STUDENTS stormed the headquarters of a university bosses’ club today as a meeting of top vice-chancellors took place upstairs.
The Universities UK (UUK) building in Tavistock Square, central London, was overrun by activists in a show of solidarity with striking lecturers.
Around a million students at British universities were thought to be affected by yesterday’s strike — the first of 14 days of action against pension cuts.
“This is not just about lecturers, this is about the marketisation of education,” one student, who asked not to be named, told the Star.
Joe Trapido, a striking lecturer at the School of Oriental and African Studies, said: “This is about more than solidarity.
“This is what needs to happen. In sectors with limited industrial power we need to draw on not just producers, but the consumers too.
“I’m proud to see some of my students here.”
The UUK building was playing host to a meeting of the Million Plus group of post -1992 universities, which are covered by a different pension scheme.
Students entered the building at around 11am, with reinforcements joining shortly after.
Security guards were overheard telling police officers that the automatic door mechanism was broken in the surge.
They also claimed a radio dropped by a guard was taken by the occupiers.
Security prevented more protesters — as well as the press — from entering later on. The protesters later left voluntarily just after 5pm.
Meanwhile at the University of Sussex in Brighton, supporters of the strike said a student had been “violently assaulted” by a classmate.
A statement published on the Sussex Supports the Strike page on Facebook said: “The marcher in question was violently tackled into a wooden table by another student.
“University officials stood by and watched this assault that was only ended by the quick intervention of other marchers.
“This university has rightly emphasised that our protests will be peaceful but it seems that this message has not been sent to the opposition.
“And students are only protected from violence when they are on the same side as management.”
A University of Sussex spokeswoman said: "There was a brief incident between students earlier today, which was resolved very quickly.
“University staff were on hand immediately to support our students, as they always would.”
Newcastle University vice-chancellor Professor Chris Day even broke rank with Universities UK to support striking lecturers and called for negotiations on pensions to resume.
Mr Day said he “absolutely supported staff’s decision to strike,” saying he didn’t know “what else they could do to express their concerns about the current situation.”
The University and College Union (UCU) commissioned independent research on the impact of changes to the University Superannuation Scheme, which covers staff in pre-1992 universities.
The researchers found lecturers could lose as much as £200,000 each across their retirements.
UUK has been leading the charge for altering the scheme, claiming the current one carries too much financial risk.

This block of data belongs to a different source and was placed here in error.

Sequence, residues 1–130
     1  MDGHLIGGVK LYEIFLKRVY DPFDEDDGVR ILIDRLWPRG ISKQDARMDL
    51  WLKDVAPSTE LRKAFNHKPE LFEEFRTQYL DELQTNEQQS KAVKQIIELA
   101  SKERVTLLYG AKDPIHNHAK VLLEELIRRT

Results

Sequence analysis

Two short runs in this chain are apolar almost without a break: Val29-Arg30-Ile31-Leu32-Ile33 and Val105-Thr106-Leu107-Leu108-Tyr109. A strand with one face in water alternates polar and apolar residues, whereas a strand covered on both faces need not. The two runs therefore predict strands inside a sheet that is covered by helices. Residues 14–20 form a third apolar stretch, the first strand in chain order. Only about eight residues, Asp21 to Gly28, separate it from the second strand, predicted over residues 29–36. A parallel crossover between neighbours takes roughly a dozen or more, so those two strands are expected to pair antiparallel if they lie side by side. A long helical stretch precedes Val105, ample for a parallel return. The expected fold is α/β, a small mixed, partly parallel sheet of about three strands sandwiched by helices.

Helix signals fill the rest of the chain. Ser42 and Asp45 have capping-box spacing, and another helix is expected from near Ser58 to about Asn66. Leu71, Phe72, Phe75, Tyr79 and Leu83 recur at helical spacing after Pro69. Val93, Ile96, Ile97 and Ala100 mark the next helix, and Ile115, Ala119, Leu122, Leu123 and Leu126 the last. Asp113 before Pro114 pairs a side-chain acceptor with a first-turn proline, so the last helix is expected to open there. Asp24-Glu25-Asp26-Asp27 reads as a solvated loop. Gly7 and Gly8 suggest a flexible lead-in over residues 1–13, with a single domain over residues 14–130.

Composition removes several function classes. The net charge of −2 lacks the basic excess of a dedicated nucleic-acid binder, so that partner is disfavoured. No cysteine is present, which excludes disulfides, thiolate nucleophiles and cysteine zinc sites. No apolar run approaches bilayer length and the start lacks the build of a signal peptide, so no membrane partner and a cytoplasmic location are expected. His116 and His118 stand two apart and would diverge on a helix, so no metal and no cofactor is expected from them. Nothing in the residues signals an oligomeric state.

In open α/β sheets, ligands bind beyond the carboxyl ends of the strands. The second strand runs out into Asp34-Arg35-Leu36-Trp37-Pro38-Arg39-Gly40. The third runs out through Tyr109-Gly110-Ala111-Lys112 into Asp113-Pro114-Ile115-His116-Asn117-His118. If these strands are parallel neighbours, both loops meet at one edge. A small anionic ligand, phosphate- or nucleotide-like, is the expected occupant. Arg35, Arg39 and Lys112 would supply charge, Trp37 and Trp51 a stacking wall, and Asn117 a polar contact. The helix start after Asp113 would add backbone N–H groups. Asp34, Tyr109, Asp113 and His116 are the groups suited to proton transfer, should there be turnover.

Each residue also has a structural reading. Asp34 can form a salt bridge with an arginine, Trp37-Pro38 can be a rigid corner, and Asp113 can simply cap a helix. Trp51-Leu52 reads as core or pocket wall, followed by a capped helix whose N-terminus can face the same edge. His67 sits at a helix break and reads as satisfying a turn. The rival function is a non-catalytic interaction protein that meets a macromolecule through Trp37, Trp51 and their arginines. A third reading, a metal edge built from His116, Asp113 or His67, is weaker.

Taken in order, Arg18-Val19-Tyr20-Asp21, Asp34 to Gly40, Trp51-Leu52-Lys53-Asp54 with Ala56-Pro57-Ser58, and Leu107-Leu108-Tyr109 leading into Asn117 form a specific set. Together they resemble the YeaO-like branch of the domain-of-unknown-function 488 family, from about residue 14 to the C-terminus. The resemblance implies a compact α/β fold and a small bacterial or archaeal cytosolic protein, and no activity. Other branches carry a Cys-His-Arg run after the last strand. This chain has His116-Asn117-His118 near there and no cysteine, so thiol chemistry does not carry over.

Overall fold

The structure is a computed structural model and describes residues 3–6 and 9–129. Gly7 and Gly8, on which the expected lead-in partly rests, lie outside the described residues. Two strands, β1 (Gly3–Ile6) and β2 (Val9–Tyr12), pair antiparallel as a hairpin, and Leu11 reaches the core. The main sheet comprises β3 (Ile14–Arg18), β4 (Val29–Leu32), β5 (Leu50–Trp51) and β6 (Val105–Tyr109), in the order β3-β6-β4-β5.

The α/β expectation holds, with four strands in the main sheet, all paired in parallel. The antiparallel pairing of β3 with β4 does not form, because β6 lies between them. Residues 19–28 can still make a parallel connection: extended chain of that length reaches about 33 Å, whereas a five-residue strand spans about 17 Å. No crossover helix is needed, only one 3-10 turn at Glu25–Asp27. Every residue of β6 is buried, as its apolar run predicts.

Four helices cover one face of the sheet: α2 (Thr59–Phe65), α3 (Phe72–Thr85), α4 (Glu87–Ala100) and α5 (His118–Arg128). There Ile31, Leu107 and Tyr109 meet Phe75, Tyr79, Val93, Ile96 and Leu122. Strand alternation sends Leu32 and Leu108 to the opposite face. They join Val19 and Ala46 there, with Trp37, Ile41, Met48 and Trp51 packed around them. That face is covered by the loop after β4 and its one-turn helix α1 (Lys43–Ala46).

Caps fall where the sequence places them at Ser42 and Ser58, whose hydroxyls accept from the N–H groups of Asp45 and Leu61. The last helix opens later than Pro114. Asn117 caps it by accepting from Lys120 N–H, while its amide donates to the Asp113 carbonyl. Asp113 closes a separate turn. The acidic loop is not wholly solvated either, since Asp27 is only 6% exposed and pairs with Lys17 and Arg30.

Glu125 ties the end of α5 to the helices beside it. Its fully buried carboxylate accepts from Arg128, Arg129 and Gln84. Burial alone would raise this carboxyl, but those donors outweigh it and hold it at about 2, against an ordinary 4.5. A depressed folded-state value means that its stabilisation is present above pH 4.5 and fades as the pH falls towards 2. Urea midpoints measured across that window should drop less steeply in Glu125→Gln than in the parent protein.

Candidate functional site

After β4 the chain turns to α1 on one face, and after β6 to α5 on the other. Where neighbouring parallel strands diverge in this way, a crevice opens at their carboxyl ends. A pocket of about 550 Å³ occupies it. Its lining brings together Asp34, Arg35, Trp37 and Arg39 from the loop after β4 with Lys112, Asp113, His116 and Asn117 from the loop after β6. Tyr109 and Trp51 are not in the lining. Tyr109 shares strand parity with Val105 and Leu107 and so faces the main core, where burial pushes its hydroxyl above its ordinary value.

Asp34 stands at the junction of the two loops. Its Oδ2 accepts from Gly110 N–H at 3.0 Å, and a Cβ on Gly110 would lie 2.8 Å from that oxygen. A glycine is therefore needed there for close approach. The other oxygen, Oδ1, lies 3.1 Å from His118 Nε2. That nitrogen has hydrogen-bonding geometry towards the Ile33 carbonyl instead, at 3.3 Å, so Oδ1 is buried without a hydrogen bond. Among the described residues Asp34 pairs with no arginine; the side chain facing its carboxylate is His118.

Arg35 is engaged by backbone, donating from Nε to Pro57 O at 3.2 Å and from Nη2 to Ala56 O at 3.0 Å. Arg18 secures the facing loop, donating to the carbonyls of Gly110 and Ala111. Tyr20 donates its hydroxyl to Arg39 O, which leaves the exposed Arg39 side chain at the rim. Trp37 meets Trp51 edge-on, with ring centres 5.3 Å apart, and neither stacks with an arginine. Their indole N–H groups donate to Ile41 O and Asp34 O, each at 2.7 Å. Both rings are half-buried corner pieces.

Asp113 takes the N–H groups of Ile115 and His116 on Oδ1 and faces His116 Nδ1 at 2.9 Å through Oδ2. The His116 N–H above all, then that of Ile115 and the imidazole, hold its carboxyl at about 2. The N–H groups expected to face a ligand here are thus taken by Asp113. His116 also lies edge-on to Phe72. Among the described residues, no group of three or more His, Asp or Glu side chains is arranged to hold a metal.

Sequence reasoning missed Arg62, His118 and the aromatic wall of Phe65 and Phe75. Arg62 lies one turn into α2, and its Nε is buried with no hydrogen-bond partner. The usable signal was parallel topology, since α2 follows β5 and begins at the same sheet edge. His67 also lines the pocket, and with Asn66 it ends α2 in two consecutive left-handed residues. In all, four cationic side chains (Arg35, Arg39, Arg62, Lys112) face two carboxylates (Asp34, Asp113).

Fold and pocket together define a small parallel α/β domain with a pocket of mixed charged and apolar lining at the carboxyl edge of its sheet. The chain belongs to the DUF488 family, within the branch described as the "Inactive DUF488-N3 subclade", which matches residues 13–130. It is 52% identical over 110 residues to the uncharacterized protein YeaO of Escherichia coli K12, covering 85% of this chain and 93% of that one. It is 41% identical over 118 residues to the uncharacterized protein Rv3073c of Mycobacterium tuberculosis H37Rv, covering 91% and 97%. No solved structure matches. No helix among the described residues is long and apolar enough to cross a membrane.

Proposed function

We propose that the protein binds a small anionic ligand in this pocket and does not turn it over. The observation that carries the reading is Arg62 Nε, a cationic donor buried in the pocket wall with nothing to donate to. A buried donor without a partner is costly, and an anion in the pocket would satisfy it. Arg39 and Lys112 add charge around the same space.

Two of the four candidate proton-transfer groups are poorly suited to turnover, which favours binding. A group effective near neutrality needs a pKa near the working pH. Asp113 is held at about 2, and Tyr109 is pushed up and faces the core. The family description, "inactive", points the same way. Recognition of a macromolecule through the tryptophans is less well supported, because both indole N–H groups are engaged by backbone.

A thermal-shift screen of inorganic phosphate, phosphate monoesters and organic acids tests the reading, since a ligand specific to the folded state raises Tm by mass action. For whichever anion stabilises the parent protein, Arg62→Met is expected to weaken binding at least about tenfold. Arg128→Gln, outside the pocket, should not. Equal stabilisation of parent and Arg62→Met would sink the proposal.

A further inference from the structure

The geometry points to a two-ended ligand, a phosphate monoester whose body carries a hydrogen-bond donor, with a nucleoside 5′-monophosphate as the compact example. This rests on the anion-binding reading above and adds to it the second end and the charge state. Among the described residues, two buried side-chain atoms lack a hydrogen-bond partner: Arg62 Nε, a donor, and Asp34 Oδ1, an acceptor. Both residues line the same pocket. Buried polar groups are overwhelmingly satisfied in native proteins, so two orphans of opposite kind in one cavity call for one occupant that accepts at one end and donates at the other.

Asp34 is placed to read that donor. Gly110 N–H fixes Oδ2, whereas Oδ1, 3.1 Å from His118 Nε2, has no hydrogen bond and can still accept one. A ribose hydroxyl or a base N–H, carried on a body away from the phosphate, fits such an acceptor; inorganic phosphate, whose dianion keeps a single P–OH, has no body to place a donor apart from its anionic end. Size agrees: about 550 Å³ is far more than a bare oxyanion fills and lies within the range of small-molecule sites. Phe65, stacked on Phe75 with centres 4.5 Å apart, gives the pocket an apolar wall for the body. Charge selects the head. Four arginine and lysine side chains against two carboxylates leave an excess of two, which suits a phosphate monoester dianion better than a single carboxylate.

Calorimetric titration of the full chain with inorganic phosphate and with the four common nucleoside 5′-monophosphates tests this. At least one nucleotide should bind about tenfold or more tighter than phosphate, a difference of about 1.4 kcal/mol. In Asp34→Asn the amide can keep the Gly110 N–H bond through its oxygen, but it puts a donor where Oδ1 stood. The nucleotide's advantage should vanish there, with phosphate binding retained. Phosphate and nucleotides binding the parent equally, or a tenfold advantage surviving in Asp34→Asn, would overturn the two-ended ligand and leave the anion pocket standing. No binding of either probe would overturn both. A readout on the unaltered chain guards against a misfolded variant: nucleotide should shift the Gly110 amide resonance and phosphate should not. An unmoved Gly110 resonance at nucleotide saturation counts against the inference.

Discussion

A UUK spokesman said union leaders’ “dismissal of the funding challenges is hugely concerning” and said the risk to pensions was “very real.”
But they said the organisation would “remain at the negotiating table to engage with UCU.”
UCU general secretary Sally Hunt said: “I have made it clear from the start of this dispute that this mess can only be resolved by negotiation.
“We have been calling for talks for weeks either directly or through [conciliation service] Acas, so if UUK are willing to now meet without preconditions with a view to resolving this dispute this is good news.”
You can’t buy a revolution, but you can help the only daily paper in Britain that’s fighting for one by joining the 501 club.
Just £5 a month gives you the opportunity to win one of 17 prizes, from £25 to the £501 jackpot.
By becoming a 501 Club member you are helping the Morning Star cover its printing, distribution and staff costs — help keep our paper thriving by joining!
You can’t buy a revolution, but you can help the only daily paper in Britain that’s fighting for one by become a member of the People’s Printing Press Society.
The Morning Star is a readers’ co-operative, which means you can become an owner of the paper too by buying shares in the society.
Shares are £1 each — though unlike capitalist firms, each shareholder has an equal say. Money from shares contributes directly to keep our paper thriving.
Some union branches have taken out shares of over £500 and individuals over £100.
You can’t buy a revolution, but you can help the only daily paper in Britain that’s fighting for one by donating to the Fighting Fund.
The Morning Star is unique, as a lone socialist voice in a sea of corporate media. We offer a platform for those who would otherwise never be listened to, coverage of stories that would otherwise be buried.
The rich don’t like us, and they don’t advertise with us, so we rely on you, our readers and friends. With a regular donation to our monthly Fighting Fund, we can continue to thumb our noses at the fat cats and tell truth to power.
Donate today and make a regular contribution.